What mechanisms are available to lower the frequency and overall cost of construction failure? Presumably this could be done through either incentive or regulation. The cost effectiveness of increased regulation either through more rigorous codes or more rigorous government agency inspection is suspect. The incentive approach is worthy of further examination. Lenders, insurors, and the related cost of building operation are three peripheral influences on the construction cycle that can play an effective role in creating a product with a lower potential rate of construction failure claims.

B. Building Operation and Maintenance

Estimates of the total cost of operating a building over its life reach as high as three times the original construction cost. Sophisticated owners who build for their own use or long-term investment are most likely to employ some type of life cycle cost analysis. This may result in selecting building systems and defining the appropriate level of design and construction services for reasons other than initial cost. It is these same sophisticated users who are most likely to employ some program of routine, preventative maintenance to wring the optimum life out of building components. The wide ranging incorporation of energy conservation measures into buildings in the late 1970’s was largely driven by a desire to lower operating costs, although most of the more practical and economical aspects of the technology were also incorporated into the regulatory process.

Buildings offered by developers for the competitive marketplace do not have the same linkage between life cycle costs and construction costs that owner-occupied buildings have.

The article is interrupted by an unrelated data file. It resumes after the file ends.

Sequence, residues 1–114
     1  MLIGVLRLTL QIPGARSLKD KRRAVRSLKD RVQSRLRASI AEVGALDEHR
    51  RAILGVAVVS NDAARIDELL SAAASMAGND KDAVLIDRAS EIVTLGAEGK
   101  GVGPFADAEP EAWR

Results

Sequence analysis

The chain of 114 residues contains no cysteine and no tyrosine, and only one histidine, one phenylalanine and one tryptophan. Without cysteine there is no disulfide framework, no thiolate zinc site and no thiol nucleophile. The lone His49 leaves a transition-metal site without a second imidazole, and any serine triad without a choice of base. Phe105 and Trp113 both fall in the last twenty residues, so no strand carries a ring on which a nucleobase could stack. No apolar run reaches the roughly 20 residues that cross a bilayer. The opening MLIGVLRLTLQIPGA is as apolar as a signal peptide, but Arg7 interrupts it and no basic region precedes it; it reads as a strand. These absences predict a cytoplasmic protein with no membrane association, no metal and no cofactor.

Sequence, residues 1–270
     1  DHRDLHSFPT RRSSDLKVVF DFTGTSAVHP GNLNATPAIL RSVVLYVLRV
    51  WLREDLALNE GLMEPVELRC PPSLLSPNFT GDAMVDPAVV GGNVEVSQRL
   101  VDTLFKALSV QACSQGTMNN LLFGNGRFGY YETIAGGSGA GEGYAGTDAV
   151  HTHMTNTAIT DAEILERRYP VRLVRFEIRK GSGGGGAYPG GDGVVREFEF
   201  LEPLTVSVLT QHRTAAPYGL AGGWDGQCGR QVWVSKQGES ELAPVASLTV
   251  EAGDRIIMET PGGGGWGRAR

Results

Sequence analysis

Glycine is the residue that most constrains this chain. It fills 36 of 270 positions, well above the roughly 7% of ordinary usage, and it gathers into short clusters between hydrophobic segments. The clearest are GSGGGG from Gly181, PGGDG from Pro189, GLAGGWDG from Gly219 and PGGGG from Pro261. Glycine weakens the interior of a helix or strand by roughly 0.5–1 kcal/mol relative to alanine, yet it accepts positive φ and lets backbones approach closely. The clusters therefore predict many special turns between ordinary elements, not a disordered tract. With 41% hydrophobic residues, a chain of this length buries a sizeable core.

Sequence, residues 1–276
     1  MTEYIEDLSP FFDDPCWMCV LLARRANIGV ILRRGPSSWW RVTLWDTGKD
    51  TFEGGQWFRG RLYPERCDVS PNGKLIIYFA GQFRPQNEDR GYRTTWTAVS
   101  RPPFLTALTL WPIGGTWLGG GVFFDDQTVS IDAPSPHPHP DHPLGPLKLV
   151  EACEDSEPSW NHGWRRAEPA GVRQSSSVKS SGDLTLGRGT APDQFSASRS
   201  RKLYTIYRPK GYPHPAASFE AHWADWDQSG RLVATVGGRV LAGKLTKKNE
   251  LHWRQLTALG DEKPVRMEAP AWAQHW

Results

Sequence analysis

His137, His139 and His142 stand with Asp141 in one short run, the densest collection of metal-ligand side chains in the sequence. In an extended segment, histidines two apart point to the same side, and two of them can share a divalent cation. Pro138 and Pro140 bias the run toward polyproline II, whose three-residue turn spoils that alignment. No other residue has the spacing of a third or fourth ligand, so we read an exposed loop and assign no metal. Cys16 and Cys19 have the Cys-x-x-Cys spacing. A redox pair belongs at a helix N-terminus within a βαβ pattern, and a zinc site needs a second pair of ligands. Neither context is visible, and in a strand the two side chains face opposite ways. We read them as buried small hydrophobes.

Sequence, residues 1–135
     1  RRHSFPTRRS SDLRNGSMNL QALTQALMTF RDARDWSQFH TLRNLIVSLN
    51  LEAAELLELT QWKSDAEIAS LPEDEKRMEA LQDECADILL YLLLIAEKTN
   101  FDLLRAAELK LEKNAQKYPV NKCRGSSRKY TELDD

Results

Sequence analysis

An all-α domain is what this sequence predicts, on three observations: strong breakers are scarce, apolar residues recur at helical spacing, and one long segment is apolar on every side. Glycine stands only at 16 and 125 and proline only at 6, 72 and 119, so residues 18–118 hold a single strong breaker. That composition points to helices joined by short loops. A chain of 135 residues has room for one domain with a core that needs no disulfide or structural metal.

C. Intervention by Lenders

Lenders have already begun to increase their intervention and effectiveness in the business of construction quality control as a result of disastrous failure problems which came back to haunt them through foreclosures. In fact, some failures may have contributed to or caused foreclosures. There are numerous instances where lenders have ended up with residential condominium projects with fully disbursed loans which require several million dollars of repairs to put into a habitable condition. The growing trend in the lending industry is to conduct comprehensive and technically detailed pre-loan and pre-acquisition reviews (sometimes known as due-diligence evaluations) by knowledgeable consultants. These studies are adequately funded and then fully digested by corporate buyers and institutional lenders prior to closing loans or acquisitions. These comprehensive documents have replaced the “windshield appraisal” techniques and recycled “boiler plate” reviews of the 1970’s and early 1980’s that were consigned to the file with little consideration in evaluating the “deal”.

D. Intervention by the Insurance Industry

The insurance industry historically seized a major role in manipulating the quality of construction. Creation of Underwriters Laboratory, Inc., in 1894 and Factory Mutual Research Corporation (serving the Factory Mutual System created in 1835) are examples of insurance industry leadership in loss prevention. Their original emphasis was on improving technology related primarily to the prevention of fire and wind damage. The insurance industry was also a germinal force in the development of early building codes.

This was an auspicious beginning, but with a few exceptions the opportunities for leadership by the insurance industry currently far exceed the motivations. Some insurance industry sources believe that competition for up front premium dollars and inadequate underwriting standards have resulted in excessive claims and unnecessary long term losses. Industry representatives generally reject any suggestion that they become a catalyst for change in what they perceive as the “social” issues of building construction failure. The insurance industry sees itself simply as a business that reflects the level of risk defined by other segments of society.